doing a one-day stint with the Bridgeport Bluefish, a Connecticut team in the
independent Atlantic League. The 73-year-old hasn’t managed a game since his
suspension from major league baseball 25 years ago for gambling. • In other sports news, Team USA won over Ghana to kick off
its bid for the World Cup, but you probably already know that from all the
yelling your neighbors did about it last night. At least that’s how I know
about it. We're number one!
• …Except when it comes to health care. In fact, a new study
by the Commonwealth Fund shows the United States is number 11 when it comes to
our health care system when compared with 10 other developed countries. The
U.S. ranked behind the United Kingdom, Switzerland, Sweden, Australia, Germany,
The Netherlands, New Zealand, Norway, France and Canada in terms of quality of
healthcare available. We’re number 11! That’s like being number one twice! The
U.S. was legitimately number one in a single category, though: We have the
most expensive health care of all the countries in the study.
• Before you get too sad, consider this: Another study
found there are more museums in the United States than Starbucks and McDonalds
combined. We have about 25,000 of the two chains combined, and more than 35,000
museums. Now if they would just combine the two so I can see some postmodern
art and grab a Big Mac at the same time, or maybe enjoy a smoothie as I check out the Kansas Underground Salt Museum.
by German Lopez
Tea party lands school board seats, death penalty scrutinized, AG campaigns spar over role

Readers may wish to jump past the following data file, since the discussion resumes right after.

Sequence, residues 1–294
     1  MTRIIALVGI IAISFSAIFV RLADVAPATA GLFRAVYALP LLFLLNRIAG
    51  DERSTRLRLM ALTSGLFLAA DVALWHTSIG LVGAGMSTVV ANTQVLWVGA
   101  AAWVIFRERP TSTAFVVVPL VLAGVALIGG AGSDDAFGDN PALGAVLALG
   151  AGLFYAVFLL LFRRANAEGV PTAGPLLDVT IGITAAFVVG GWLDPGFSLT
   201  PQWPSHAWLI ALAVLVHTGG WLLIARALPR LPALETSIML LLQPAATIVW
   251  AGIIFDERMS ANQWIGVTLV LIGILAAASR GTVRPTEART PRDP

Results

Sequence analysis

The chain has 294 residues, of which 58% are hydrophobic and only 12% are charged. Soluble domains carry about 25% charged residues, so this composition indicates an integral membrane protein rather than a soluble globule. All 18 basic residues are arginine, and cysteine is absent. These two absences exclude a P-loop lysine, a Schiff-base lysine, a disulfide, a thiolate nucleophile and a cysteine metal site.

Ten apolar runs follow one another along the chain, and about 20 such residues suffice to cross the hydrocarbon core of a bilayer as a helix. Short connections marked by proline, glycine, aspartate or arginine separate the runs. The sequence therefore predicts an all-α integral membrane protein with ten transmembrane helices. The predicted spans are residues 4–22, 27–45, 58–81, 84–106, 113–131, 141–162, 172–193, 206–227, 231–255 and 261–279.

Fiscal conservatives and tea party activists won more
seats on local school boards last year, putting them in the awkward
position of supposedly looking out for the school’s best interests while
rejecting property tax levies that could boost schools’ resources and outcomes. As one example, a member of the Coalition
Opposed to Additional Spending and Taxes (COAST) now sits on the board for Kings Schools in Warren County that she once sued for public records.
The American Civil Liberties Union of Ohio on Sunday
called on Gov. John Kasich to immediately halt the death penalty across
the state, following the botched, 26-minute execution of convicted
killer Dennis McGuire. The execution, the longest since Ohio restarted using
capital punishment again in 1999, utilized a new cocktail of drugs that had
never been tried before in the United States. It’s unclear whether
state officials will use the same drugs for the five other executions
planned for the year.David Pepper, the Democratic candidate for attorney
general, says Republican Attorney General Mike DeWine should stop
defending court-rejected, unconstitutional voting and ballot restrictions. DeWine argues that it’s the attorney general’s job to